Breast Cancer Case Study 01

Clinical History
53-year-old female noticed a mass in her left breast approximately February 2005 when it was incidentally discovered during plain X-rays for back pain. There was no family history of breast cancer and the patient quit smoking 11 years ago. Mammography revealed a 4 cm x 3.5 cm mass in the left breast and enlarged axillary nodes. Fine needle aspiration cytology (FNAC) of the breast mass showed poorly differentiated infiltrating ductal carcinoma.

Imaging Findings
STATED REASON FOR REQUEST: Staging breast cancer

PET/CT FINDINGS: The initial staging PET/CT scan revealed hypermetabolic foci in the left breast that were consistent with the known malignancy.

In addition, there were multiple intense hypermetabolic foci in the left axilla, compatible with metastatic lymphadenopathy, and multiple hypermetabolic foci involving the bony skeleton, suspicious for osseous metastases.

The patient opted for breast conservation, denied surgery and wanted to avoid chemotherapy. She was given hormonal treatment only.

Follow-Up Scan Imaging Findings
STATED REASON FOR REQUEST: Restaging breast cancer
COMPARISON: Follow-up CT of the thorax, abdomen and pelvis in January 2008 which revealed progression of the metastatic disease

FOLLOW-UP PET/CT FINDINGS: A follow-up restaging PET/CT scan performed in June 2008 was compared to the thoracic and abdominal CT study performed in January 2008.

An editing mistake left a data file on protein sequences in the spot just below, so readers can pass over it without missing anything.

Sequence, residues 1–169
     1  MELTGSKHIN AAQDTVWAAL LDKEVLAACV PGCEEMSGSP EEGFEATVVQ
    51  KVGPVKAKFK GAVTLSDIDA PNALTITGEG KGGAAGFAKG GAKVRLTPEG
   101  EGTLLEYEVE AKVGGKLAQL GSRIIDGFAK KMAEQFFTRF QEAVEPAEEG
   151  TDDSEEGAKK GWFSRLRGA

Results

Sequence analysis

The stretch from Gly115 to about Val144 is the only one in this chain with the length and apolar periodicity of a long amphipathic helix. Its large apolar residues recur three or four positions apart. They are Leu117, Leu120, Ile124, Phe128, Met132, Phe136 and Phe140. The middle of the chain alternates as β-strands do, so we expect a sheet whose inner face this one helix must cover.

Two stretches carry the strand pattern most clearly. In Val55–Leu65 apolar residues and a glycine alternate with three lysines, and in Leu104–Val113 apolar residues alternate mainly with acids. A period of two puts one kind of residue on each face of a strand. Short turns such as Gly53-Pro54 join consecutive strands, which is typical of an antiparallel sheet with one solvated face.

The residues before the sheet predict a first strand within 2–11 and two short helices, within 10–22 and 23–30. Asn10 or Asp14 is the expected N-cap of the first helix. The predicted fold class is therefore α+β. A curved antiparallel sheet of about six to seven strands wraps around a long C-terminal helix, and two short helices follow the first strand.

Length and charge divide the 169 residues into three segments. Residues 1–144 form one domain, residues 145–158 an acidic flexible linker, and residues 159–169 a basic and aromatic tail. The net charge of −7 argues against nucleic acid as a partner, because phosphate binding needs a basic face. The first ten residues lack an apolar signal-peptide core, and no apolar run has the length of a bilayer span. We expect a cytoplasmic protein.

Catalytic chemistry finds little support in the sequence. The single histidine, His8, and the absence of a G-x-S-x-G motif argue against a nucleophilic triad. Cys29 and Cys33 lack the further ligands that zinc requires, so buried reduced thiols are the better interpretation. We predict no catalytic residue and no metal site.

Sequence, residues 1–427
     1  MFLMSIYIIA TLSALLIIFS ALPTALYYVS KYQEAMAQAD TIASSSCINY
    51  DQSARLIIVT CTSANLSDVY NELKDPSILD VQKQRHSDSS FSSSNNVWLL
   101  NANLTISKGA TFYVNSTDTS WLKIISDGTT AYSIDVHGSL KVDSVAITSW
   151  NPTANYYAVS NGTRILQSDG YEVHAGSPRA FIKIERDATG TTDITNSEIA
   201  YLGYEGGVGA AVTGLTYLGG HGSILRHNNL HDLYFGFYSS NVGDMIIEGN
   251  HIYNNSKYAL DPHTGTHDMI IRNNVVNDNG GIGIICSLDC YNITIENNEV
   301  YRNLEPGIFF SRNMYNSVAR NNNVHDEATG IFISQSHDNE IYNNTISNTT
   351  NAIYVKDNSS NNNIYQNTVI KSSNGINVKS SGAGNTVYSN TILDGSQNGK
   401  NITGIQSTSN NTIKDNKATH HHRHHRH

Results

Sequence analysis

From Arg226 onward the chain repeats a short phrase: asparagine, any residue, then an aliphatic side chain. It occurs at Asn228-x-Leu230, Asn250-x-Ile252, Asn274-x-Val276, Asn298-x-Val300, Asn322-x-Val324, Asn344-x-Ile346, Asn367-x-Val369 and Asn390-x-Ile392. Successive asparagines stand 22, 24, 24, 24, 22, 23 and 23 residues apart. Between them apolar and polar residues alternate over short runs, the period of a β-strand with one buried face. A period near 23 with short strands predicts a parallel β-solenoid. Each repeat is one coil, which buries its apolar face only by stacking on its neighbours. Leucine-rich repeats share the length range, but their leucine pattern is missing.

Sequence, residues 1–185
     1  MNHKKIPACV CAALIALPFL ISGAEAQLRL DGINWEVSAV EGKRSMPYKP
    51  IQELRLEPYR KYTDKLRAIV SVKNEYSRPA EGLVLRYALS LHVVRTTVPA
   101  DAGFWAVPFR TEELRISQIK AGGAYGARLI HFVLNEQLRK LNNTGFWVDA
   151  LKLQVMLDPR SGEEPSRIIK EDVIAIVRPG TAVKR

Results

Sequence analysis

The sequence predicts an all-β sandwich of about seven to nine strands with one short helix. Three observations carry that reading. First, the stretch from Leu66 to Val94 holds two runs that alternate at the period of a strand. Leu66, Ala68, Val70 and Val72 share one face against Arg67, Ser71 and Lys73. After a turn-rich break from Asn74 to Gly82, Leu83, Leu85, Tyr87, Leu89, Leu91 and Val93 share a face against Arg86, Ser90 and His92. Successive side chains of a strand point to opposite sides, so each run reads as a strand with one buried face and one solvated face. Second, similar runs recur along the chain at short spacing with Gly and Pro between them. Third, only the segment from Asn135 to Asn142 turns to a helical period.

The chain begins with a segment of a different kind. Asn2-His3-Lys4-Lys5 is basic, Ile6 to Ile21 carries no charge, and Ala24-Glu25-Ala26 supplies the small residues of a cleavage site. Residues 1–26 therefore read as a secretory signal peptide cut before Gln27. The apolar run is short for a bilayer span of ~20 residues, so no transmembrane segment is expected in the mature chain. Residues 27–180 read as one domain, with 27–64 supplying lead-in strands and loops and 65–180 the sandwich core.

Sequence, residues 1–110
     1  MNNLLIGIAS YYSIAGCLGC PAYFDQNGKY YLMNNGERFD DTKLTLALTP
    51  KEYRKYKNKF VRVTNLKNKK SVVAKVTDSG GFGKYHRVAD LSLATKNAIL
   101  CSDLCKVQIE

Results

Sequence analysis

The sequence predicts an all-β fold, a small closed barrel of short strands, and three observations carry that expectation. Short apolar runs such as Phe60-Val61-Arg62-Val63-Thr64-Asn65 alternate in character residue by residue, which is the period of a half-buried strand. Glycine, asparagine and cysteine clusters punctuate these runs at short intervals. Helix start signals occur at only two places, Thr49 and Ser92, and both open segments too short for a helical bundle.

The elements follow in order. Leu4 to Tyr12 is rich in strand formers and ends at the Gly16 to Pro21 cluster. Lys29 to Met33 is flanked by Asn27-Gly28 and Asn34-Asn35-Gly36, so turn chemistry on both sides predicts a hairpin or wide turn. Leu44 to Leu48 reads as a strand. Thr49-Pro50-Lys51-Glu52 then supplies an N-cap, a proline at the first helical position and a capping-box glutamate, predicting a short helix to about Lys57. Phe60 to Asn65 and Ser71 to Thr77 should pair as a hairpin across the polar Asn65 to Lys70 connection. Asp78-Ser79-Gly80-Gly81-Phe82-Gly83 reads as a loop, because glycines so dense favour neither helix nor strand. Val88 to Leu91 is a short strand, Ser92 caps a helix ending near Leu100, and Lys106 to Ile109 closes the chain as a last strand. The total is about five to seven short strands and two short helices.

There was worsening mesenteric and peripancreatic adenopathy when compared to the CT scan of January 2008. The bony metastatic disease within the chest, abdomen and pelvis was unchanged from January 2008, but there were multiple additional bony metastases which had spread throughout the skeletal system. There was focal uptake within the distal descending colon which correlated with a possible hyperdense focus noticeable on CT. This was suspicious for metastatic disease or primary colon neoplasm rather than physiologic activity. A colonoscopy was recommended for further evaluation.

In view of the progressive metastatic disease, palliative radiotherapy was advised with a focus on reducing bone pain. The patient agreed to start chemotherapy along with continuing the hormone therapy.

Data courtesy of Dr. David Townsend, University of Tennessee Medical Center, Knoxville, TN, USA

* Any of the protocols presented herein are for informational purposes and are not meant to substitute for clinician judgment in how best to use any medical devices. It is the clinician that makes all diagnostic determinations based upon education, learning and experience.